About Ginger Uses, Pairings and Recipes

About Ginger Uses, Pairings and Recipes



Ginger is the rhizome, or underground stem, of a small plant that grows two to four feet in height. The ginger rhizome is consumed fresh, powdered, dried as a spice, in oil form or as juice.

Imagine the cutest gingerbread man cookie, with white icing eyes, nose and mouth. Now breathe in the aroma. It’s sweet, peppery and a bit floral, with a hint of citrus. There are lots of spices in gingerbread, but ground ginger plays the headlining role. And baked goods aren’t its only claim to fame. Ginger’s pungent, spicy smell and a slightly sweet and spicy taste makes it a popular choice in savory dishes in cuisines around the world.


Ginger is used to add flavor to food and drinks, and has also been used as a traditional medicine in some cultures.

Benefits of Ginger

Ginger is used to add flavor to food and drinks, and has also been used as a traditional medicine in some cultures.

Ginger Drinks to Try:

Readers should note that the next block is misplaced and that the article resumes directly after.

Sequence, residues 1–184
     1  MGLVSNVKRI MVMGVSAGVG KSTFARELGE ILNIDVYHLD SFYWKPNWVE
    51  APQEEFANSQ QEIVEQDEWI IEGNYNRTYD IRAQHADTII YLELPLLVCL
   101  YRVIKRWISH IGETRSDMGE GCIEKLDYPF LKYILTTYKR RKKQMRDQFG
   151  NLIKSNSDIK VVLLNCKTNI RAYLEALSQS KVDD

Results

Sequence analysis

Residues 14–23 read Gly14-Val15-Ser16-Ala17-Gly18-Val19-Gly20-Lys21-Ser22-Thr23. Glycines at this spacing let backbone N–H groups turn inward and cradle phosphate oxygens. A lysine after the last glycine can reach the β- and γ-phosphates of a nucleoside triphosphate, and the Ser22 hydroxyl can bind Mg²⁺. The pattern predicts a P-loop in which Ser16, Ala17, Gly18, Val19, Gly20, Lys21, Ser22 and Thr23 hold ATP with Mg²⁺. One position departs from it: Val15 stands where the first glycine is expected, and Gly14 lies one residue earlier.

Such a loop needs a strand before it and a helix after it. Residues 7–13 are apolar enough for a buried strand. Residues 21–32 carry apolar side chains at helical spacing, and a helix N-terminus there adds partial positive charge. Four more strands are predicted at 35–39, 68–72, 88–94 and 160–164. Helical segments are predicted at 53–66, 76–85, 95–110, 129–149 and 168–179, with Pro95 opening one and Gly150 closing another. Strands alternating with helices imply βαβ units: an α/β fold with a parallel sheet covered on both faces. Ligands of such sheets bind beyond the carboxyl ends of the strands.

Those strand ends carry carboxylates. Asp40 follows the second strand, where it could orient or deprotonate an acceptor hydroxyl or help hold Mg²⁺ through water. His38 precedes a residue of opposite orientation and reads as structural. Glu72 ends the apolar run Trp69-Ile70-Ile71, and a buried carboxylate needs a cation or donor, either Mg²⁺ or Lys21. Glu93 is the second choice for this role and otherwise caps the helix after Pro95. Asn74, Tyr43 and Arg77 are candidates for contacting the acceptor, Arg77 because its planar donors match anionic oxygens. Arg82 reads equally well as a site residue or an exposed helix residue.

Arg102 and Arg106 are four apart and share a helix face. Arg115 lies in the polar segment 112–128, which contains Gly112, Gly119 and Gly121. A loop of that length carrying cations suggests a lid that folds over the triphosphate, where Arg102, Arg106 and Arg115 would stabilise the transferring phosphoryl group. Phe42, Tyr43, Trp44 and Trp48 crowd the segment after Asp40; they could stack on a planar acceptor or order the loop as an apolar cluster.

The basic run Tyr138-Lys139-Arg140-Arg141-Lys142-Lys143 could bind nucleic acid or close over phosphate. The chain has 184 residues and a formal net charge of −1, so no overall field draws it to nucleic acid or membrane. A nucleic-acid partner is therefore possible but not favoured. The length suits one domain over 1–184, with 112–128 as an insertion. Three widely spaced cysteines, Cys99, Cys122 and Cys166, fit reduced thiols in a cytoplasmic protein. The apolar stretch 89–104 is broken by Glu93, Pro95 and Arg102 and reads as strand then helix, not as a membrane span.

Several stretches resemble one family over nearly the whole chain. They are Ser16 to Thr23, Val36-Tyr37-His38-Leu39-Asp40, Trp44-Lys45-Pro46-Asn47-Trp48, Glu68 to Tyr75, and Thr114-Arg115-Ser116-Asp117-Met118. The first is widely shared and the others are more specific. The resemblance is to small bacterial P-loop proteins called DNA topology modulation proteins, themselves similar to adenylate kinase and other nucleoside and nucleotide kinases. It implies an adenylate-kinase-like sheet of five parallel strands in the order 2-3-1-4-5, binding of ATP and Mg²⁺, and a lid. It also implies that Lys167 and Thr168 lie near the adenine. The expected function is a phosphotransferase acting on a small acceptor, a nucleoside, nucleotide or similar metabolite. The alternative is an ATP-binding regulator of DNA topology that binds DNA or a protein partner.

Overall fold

Ginger is one of the few spices that can walk the fine line between savory and sweet. We love it in pumpkin pie and quick breads, spice cookies and ice cream. Yet it’s also an essential ingredient in savory dishes, such as Chinese stir-fries, Indian curries and Moroccan spiced kebabs.

Ginger has enjoyed some unusual uses, including warding off the plague during Henry VIII’s time. In the 19th century, ginger was commonly sprinkled on top of beer or ale and then stirred into the drink with a hot poker. Today, ginger is an essential ingredient in all kinds of sweet and savory dishes.

Ginger Snaps and More Desserts

Zesty and aromatic, ginger is a natural for all kinds of sweets. Ginger snaps, spice cake, fruit tarts, pumpkin pie, blueberry muffins—you name it! The sugar in the recipe tempers ginger’s sharp flavor, leaving mellow warmth in its place.

Is it time to give your cheesecake recipe a complete makeover? How about going tropical? Flavor the batter with ground ginger and substitute lime juice and zest for the lemon. We suggest using ginger snaps for the crust. They’ll intensify the flavor.